Coal’s Decline Not Hurting Power Grid Reliability, Study Says

Energy Secretary Rick Perry’s electricity grid review is due out soon. Corporations and the wind industry just did their own study that counters his concerns.

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The power grid is the subject of a 60-day review by the Trump administration.
Most metrics of power grid reliability have either been improving or stayed the same while renewable energy levels in the U.S. grid have grown. Credit: Thomas Lohnes/AFP/Getty

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A new study is challenging Energy Secretary Rick Perry’s concerns about increasing levels of renewable energy in the U.S. electric grid, arguing that the decline of coal in the nation’s power mix is driven largely by market forces and is not hurting the reliability of the grid.

Perry in April ordered a 60-day grid review looking in particular at whether government support for renewable energy is speeding the retirement of coal and nuclear plants and resulting in a more fragile electricity supply. He suggested in his memo that renewable energy and regulatory burdens on coal were to blame for an “erosion of critical baseload resources.”

The new study says that that fear is baseless, and it argues the opposite.

It cites, among other evidence, the latest annual analysis of grid reliability conducted by the North American Electric Reliability Corporation (NERC), which found that most metrics of grid reliability are either improving or staying the same. For example, 2015 saw a drop in the number of incidents causing a temporary loss of supply. Frequency and voltage has remained stable as the amount of power from renewable energy sources has grown, it said, and the industry has been getting better at modeling changes to the grid to assess risks.

“The retirement of aging or uneconomic resources has not led, in any region, to an observed reduction in BPS (bulk power system) reliability from either resource adequacy or system security perspectives,” the study says. 

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The report was released Tuesday by the American Wind Energy Association and the Advanced Energy Economy, which represents a broad range of corporations, including some renewable energy companies and utilities. The groups had earlier written to Perry, criticizing the department for not opening the rushed grid review to public comment—including from the renewable energy industry.

“Recently, some have raised concerns that current electric market conditions may be undermining the financial viability of certain conventional power plant technologies … and thus jeopardizing electric system reliability. In addition, some have suggested that federal and state policies supporting renewable energy are the primary cause of the decline in financial viability. The evidence does not support either hypothesis,” says the report, which was written by energy consultants, including a former Department of Energy official and state utility commissioner.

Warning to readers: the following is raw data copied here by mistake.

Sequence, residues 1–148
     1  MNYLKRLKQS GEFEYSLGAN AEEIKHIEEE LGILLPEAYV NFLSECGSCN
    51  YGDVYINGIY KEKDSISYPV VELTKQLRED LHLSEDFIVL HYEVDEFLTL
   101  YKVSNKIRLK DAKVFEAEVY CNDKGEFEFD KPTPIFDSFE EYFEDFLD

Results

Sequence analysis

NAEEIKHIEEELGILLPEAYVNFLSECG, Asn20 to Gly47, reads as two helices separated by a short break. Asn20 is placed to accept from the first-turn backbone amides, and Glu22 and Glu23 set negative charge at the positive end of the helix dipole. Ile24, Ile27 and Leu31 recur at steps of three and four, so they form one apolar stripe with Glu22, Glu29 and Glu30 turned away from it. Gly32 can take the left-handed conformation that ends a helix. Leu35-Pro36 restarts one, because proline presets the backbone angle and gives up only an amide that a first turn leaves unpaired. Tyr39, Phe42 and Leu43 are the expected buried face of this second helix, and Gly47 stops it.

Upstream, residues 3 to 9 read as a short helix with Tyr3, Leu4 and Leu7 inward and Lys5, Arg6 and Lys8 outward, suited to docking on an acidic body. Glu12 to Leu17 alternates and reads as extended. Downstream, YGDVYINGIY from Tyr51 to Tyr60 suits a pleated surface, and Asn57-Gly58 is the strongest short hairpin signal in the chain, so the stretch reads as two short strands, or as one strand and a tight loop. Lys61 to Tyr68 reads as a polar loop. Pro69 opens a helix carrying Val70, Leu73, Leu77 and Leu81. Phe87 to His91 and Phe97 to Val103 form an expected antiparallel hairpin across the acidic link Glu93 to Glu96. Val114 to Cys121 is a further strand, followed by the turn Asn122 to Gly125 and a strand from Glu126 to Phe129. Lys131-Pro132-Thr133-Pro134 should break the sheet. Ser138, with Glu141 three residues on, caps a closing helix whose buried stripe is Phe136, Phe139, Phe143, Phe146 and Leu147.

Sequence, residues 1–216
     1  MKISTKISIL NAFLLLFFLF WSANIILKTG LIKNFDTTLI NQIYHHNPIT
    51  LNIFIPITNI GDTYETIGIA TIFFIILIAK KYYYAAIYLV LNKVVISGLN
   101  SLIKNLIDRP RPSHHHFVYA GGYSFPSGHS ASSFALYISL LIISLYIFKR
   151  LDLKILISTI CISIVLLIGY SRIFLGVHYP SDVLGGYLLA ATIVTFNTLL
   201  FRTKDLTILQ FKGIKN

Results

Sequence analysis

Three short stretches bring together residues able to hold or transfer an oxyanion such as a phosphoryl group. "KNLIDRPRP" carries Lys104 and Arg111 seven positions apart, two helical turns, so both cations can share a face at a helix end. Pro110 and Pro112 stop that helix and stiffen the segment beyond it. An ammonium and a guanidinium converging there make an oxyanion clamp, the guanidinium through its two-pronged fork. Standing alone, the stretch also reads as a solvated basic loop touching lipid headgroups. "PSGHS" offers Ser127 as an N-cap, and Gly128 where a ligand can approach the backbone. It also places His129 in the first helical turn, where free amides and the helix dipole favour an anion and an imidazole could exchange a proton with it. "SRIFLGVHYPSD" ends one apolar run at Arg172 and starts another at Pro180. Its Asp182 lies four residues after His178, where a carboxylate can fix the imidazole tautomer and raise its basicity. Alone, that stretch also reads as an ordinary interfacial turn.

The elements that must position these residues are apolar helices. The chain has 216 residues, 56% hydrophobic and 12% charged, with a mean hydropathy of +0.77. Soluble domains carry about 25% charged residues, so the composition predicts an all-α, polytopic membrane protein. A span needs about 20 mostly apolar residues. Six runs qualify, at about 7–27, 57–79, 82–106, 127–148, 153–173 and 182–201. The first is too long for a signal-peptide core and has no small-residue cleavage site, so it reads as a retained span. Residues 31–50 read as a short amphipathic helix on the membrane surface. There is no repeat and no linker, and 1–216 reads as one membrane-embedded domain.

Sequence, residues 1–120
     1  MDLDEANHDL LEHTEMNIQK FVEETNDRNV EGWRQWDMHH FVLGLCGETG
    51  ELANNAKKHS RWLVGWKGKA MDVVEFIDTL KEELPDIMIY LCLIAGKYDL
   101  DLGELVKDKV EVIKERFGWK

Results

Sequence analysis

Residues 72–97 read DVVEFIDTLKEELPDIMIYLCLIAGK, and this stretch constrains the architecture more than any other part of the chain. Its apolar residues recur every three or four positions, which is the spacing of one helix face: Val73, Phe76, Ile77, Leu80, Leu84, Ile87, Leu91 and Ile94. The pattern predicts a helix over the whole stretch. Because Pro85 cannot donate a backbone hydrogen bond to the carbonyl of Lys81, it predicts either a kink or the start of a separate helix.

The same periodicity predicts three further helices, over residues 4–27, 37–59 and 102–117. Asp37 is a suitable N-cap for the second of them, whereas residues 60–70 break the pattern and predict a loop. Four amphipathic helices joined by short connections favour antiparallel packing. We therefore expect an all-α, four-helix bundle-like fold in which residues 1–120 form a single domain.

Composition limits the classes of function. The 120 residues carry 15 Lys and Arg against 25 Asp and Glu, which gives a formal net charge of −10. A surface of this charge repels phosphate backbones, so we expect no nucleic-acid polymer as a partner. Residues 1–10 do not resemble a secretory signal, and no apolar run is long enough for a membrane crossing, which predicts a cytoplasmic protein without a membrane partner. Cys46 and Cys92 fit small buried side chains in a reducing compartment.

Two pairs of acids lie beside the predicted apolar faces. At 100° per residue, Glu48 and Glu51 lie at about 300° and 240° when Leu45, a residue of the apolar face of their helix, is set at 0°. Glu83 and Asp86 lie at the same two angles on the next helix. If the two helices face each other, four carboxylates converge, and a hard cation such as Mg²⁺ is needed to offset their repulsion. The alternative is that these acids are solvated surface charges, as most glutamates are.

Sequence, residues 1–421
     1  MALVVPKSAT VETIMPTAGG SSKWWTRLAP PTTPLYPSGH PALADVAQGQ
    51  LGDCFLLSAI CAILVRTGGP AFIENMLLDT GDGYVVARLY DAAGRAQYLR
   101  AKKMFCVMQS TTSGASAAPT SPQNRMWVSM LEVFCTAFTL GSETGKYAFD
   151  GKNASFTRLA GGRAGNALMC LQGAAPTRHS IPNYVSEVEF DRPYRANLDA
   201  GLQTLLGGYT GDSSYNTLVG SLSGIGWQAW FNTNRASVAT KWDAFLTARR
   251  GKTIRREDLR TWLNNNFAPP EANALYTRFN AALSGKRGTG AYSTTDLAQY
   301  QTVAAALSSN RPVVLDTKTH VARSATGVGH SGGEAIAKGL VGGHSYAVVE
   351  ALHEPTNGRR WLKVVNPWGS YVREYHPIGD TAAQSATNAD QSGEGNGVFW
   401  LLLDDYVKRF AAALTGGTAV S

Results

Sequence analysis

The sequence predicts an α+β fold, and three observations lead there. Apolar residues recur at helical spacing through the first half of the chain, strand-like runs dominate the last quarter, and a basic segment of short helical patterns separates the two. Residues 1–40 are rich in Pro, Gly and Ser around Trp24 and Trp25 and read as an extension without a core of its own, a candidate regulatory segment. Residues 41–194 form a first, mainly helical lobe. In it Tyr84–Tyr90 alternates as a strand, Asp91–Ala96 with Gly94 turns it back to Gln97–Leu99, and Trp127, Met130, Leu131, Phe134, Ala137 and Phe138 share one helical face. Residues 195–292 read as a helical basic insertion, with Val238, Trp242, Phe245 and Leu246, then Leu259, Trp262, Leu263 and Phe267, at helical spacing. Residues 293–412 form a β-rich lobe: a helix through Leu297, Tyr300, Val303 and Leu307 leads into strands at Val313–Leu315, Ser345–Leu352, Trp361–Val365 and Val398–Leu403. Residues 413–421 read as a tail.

Perry selected Travis Fisher, a political appointee who previously worked for the Institute for Energy Research, an organization that favors fossil fuels, to lead his review. In a budget hearing earlier this week, Perry said the review would be completed by the end of the month. But on Wednesday, DOE spokeswoman Shaylyn Hynes told E&E News that that date had been moved back to July. 

In recent years, power companies have retired more capacity from coal than from any other fuel source, while adding primarily natural gas and some renewables.

Citing data from wholesale energy markets, the report says that shift has been driven primarily by the low price of gas and advancements in the efficiency of new gas generating units. While it says government policies supporting energy efficiency and renewables have played a role, too, their influence is “a distant second to market fundamentals.”

Coal leads the way in retired power capacity.

A spokesman for Edison Electric Institute, which represents utilities, said they not had yet reviewed the study and couldn’t comment.

In his memo calling for the review, Perry wrote that grid experts had expressed concerns about “the diminishing diversity of our nation’s electric generation mix and what that could mean for baseload power and grid resilience.” He also voiced strong support for baseload power plants “that run 24-7” during budget hearings this week on Capitol Hill, where Perry made clear to members of Congress that the Trump administration’s vision is to keep coal plants running and to build oil pipelines. 

In a not-so-veiled swipe at the coal industry, the new report says that over the past few decades, as market and policy changes such as deregulation have reshuffled the nation’s energy mix, established entities have charged that the changes would hurt reliability. Those concerns never came to pass, the report says, because of the nation’s robust system of safeguards.

The review will surely face strong opposition if it tries to push the scales in favor of coal. On Wednesday, Perry’s predecessor as energy secretary, Ernest Moniz, announced the formation a new organization, staffed with former Energy Department officials and MIT experts, to promote innovation in low-carbon energy technology and energy policies for a cleaner energy future.

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